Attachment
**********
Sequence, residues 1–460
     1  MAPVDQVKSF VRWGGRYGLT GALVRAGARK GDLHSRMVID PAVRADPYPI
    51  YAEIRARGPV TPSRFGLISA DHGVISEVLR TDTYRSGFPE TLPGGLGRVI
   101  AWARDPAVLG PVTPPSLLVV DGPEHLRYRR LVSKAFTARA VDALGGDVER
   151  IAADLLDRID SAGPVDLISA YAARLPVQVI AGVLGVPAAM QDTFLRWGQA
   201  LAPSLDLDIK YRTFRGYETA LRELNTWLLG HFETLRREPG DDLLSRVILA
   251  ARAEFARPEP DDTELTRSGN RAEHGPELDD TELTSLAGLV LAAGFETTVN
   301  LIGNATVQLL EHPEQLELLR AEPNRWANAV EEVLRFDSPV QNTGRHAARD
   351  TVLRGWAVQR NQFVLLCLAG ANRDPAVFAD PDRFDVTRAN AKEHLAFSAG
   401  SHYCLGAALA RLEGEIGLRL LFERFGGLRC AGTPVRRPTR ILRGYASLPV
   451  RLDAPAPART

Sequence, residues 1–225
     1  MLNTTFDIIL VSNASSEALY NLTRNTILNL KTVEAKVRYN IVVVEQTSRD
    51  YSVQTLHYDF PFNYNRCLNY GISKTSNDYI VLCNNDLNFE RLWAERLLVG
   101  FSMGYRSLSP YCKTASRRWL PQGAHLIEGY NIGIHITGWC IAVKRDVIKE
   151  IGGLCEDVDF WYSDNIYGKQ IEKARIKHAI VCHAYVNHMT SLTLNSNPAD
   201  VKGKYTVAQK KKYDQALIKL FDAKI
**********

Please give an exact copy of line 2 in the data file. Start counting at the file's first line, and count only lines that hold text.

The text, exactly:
     1  MAPVDQVKSF VRWGGRYGLT GALVRAGARK GDLHSRMVID PAVRADPYPI